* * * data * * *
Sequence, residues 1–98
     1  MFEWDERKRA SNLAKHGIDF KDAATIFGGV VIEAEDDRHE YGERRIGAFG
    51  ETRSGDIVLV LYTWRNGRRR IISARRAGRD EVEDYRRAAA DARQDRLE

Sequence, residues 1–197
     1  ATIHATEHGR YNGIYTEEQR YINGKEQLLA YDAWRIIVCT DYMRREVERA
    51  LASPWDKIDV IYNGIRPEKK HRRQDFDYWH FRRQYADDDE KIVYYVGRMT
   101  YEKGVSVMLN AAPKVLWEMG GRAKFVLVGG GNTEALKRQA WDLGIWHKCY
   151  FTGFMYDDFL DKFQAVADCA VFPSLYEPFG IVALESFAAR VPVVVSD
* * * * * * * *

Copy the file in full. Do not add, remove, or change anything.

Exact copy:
Sequence, residues 1–98
     1  MFEWDERKRA SNLAKHGIDF KDAATIFGGV VIEAEDDRHE YGERRIGAFG
    51  ETRSGDIVLV LYTWRNGRRR IISARRAGRD EVEDYRRAAA DARQDRLE

Sequence, residues 1–197
     1  ATIHATEHGR YNGIYTEEQR YINGKEQLLA YDAWRIIVCT DYMRREVERA
    51  LASPWDKIDV IYNGIRPEKK HRRQDFDYWH FRRQYADDDE KIVYYVGRMT
   101  YEKGVSVMLN AAPKVLWEMG GRAKFVLVGG GNTEALKRQA WDLGIWHKCY
   151  FTGFMYDDFL DKFQAVADCA VFPSLYEPFG IVALESFAAR VPVVVSD